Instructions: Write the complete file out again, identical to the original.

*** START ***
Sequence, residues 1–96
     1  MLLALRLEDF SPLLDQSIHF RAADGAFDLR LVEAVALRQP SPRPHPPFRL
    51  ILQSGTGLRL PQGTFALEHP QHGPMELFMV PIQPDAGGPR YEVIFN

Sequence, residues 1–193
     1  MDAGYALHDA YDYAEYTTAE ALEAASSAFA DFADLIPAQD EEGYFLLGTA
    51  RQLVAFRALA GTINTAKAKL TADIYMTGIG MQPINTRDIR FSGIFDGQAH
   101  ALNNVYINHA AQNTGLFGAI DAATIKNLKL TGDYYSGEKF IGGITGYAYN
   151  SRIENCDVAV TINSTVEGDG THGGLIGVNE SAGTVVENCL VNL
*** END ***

Sequence, residues 1–96
     1  MLLALRLEDF SPLLDQSIHF RAADGAFDLR LVEAVALRQP SPRPHPPFRL
    51  ILQSGTGLRL PQGTFALEHP QHGPMELFMV PIQPDAGGPR YEVIFN

Sequence, residues 1–193
     1  MDAGYALHDA YDYAEYTTAE ALEAASSAFA DFADLIPAQD EEGYFLLGTA
    51  RQLVAFRALA GTINTAKAKL TADIYMTGIG MQPINTRDIR FSGIFDGQAH
   101  ALNNVYINHA AQNTGLFGAI DAATIKNLKL TGDYYSGEKF IGGITGYAYN
   151  SRIENCDVAV TINSTVEGDG THGGLIGVNE SAGTVVENCL VNL